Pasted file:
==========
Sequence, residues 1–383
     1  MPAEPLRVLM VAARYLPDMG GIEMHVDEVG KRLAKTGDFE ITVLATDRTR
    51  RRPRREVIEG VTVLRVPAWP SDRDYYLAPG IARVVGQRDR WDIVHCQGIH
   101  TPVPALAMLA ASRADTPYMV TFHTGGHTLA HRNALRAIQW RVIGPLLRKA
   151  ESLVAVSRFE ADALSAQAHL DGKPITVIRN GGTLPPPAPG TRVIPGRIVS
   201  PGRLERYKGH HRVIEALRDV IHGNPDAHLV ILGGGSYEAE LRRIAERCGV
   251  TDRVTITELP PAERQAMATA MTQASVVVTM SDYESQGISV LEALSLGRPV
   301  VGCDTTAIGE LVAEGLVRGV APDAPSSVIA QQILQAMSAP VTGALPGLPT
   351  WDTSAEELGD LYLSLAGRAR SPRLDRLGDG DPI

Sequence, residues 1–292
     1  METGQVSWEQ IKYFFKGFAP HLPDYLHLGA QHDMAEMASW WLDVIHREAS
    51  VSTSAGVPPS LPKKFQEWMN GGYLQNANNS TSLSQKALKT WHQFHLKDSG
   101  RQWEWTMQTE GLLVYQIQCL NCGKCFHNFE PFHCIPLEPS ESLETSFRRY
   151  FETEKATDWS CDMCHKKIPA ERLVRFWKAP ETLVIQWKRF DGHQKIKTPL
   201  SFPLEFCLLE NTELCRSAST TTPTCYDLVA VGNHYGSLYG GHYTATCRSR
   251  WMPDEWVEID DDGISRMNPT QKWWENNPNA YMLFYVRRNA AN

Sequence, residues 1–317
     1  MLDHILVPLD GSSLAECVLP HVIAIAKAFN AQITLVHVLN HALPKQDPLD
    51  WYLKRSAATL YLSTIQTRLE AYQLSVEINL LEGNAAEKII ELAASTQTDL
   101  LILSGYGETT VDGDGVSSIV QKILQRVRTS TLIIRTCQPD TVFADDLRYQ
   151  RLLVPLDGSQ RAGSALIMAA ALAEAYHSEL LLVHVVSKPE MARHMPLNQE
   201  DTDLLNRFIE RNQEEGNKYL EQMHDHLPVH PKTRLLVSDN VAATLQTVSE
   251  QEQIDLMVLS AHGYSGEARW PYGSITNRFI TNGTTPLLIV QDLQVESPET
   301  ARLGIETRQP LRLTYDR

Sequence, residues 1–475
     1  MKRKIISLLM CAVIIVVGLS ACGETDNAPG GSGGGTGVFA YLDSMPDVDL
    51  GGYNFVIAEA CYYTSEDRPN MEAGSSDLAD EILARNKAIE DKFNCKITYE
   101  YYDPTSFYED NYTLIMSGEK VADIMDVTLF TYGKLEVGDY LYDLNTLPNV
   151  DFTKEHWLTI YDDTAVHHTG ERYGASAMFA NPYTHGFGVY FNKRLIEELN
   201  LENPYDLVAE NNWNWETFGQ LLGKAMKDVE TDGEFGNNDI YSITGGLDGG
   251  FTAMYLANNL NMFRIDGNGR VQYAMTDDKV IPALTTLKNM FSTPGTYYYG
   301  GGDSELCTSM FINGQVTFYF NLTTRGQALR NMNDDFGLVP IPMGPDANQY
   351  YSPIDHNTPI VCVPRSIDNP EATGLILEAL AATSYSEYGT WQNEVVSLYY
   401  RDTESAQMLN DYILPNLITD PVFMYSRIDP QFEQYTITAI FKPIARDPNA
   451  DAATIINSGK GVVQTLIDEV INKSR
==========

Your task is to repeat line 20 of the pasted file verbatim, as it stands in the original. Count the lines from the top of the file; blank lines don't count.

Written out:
   101  LILSGYGETT VDGDGVSSIV QKILQRVRTS TLIIRTCQPD TVFADDLRYQ